Is Ponoka addicted to proceeds of gambling?

What I found shocked and dismayed me: almost everything in town is funded by gambling. It seems to me that it is not just the gambler who is addicted, but also the government and the people of Alberta.

Dear Editor:

It started out with a simple moral dilemma: Can I justify enjoying the services of an organization that accepts gambling money? In a small town I have found that by sticking to my principles I would have virtually nothing left to do.

After calling government, I went to albertalotteryfund.ca and clicked on “who benefits” and typed in “Ponoka.” What I found shocked and dismayed me: almost everything in town is funded by gambling. It seems to me that it is not just the gambler who is addicted, but also the government and the people of Alberta. When you go to the rinks, the pool, the library, the schools, the walking path, playgrounds, museum, you are not only enjoying something that regular taxes should have paid for but the house, car, food, and maybe even the life, taken by suicide, of the problem gambler. This amount is over $1.5 billion a year.1 With this amount of infrastructure coming from this source I’m surprised there are rarely any stories about gambling in the newspapers.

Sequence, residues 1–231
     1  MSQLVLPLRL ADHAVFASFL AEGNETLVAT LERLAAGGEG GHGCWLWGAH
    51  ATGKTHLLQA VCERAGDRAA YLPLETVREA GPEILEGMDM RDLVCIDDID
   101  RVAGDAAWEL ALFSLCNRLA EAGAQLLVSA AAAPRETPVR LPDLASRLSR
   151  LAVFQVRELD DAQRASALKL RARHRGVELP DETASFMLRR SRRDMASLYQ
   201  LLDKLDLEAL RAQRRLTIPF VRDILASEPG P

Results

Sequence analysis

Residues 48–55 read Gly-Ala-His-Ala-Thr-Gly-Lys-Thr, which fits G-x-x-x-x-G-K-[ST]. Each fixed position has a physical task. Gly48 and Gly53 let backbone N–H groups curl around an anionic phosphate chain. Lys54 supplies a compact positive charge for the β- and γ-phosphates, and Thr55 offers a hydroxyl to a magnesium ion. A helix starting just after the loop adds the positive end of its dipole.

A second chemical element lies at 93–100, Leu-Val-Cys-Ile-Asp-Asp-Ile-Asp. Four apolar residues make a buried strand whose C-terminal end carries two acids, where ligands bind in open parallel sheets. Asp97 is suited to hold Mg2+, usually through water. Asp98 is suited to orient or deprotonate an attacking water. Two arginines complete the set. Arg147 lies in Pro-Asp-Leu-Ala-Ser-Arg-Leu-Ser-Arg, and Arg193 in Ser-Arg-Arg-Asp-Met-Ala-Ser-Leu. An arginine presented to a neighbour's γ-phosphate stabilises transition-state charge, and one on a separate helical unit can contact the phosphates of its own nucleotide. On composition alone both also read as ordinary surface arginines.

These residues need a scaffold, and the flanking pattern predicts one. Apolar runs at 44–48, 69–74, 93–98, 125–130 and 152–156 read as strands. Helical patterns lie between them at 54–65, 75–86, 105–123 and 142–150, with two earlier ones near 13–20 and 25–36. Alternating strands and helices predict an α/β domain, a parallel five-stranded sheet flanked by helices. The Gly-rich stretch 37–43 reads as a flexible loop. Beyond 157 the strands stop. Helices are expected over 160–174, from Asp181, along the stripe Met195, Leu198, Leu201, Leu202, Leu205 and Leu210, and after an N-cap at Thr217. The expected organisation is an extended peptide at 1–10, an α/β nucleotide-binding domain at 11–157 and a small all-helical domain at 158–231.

When a new project is announced, the real source of the funding is never given credit. It is implied that the service clubs, generous donations and municipal taxes have paid for it. This is very misleading.

Perhaps if you take the time to look at this website yourself, you too will realize the extent to which we are all addicted to gambling. As you read about all the wonderful community events on Ponoka’s new electronic sign ($49,000 funded by gambling)2 think about this question yourselves. As for me, I am still trying to decide what to do.

Deira Bigalow

1 All figures from albertalotteryfund.ca

2 All figures 2008-2009 Fiscal Year Ponoka